But, it is crucial that you readers understand that these were top schools. They aren’t really wanting for money, they’re just being greedy.
In my opinion, we should do a sweep of all of the top schools and investigate for fraud. Charges should also be put against others who are found guilty of doing this. Students accused of fraud should be put on academic leave. If it were up to me, schools who accepted these funds should have to pay a penalty, as they were in the wrong as well.
The U.S. is sad. No promotions. No raises. No praises for a job well done. I think attacking this issue head on will help improve mental health and job security around the country. What’s your opinion? I want to know!
She asked myself and other bloggers and influencers a series of questions based around the financial myths that millennials must work to expose. I wanted to share all of my answers to the myths and, of course, link back to her post.
MYTH 1: ARE MILLENNIALS NOT BUYING HOMES BECAUSE THEY WANT TO SCRIMP OFF THEIR PARENTS?
Because this was the question I answered, I'd be remiss not to link back to Shelly's article. Please click the image to the left to be redirected to the article.
To add more on this, the notion that living off of our parents is the reason many still live at home is crazy. Everyone wants independence, and alleging that we don't simply to have mommy and daddy pay for it is crazy to me!
<-- Click to read!
MYTH 2: MILLENNIALS ARE LAZY, TIRED, AND UNAMBITIOUS
Technology puts the answers to our questions at the tip of our fingertips, which can be good. Our access to technology has changed our behavior, of course. It has made life much easier.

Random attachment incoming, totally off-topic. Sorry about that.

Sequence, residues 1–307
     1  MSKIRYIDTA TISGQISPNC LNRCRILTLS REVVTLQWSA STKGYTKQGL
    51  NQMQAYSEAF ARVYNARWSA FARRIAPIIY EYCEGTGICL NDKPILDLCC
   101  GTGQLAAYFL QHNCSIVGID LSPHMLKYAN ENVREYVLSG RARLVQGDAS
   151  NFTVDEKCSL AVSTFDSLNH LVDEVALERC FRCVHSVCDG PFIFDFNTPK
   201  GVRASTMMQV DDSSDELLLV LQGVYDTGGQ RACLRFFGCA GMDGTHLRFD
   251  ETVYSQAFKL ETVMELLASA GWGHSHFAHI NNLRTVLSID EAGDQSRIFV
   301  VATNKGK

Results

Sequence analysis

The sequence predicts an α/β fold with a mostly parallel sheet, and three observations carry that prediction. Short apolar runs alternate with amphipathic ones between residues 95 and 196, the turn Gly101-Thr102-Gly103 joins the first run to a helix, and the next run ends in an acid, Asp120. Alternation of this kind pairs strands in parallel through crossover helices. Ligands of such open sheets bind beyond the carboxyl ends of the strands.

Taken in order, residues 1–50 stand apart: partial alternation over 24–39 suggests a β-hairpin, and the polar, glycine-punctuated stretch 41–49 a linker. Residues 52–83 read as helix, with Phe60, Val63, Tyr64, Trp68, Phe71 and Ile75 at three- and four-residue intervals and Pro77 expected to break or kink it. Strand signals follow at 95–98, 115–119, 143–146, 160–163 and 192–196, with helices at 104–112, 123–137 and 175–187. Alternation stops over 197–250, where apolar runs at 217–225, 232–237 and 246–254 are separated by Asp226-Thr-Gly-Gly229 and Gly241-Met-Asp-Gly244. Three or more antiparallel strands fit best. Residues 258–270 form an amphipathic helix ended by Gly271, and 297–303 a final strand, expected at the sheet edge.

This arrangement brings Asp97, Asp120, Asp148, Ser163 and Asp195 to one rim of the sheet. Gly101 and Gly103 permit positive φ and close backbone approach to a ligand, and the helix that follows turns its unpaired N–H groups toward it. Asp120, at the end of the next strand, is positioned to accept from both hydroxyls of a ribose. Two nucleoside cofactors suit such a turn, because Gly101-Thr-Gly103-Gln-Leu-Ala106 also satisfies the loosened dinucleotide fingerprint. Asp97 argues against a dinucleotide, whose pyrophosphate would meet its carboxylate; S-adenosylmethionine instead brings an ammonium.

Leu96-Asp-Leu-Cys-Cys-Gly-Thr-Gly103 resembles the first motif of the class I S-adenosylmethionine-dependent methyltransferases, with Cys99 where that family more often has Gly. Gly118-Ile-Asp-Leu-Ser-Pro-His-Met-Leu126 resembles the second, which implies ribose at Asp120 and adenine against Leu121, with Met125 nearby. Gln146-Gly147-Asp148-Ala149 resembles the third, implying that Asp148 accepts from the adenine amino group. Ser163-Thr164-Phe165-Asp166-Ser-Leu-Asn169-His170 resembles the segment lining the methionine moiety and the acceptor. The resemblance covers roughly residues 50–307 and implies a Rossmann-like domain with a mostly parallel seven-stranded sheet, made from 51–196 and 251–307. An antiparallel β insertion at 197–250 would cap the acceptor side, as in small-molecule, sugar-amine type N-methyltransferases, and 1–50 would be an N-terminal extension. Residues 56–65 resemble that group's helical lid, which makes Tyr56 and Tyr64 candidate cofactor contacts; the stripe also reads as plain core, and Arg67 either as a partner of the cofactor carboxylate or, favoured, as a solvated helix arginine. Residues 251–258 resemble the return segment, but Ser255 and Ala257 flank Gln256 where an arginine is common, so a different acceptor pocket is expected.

Because of our technology use, we do redefine productivity. I'll give an example. I recently decided to purchase an Amazon Echo Dot and some smart plugs. I can get ready in the morning while telling Alexa to make my coffee. As soon as I'm ready, I just have to pour myself a cup and head to work. I still have to do some work by pre-loading the coffee grinds and water, but it makes my morning much faster!
MYTH 3: MILLENNIALS ARE KILLING THE ECONOMY
No, quite the opposite. The economy is killing millennials, for sure. Prices continue to rise and employers don't just fancy a college degree anymore. We have a record number of graduates in the world today because we were told that degrees get you jobs. However, we are made to put ourselves into massive amounts of debt only to come out and work for companies that are also struggling in the economy and aren't able to reward good work with raises or better benefits.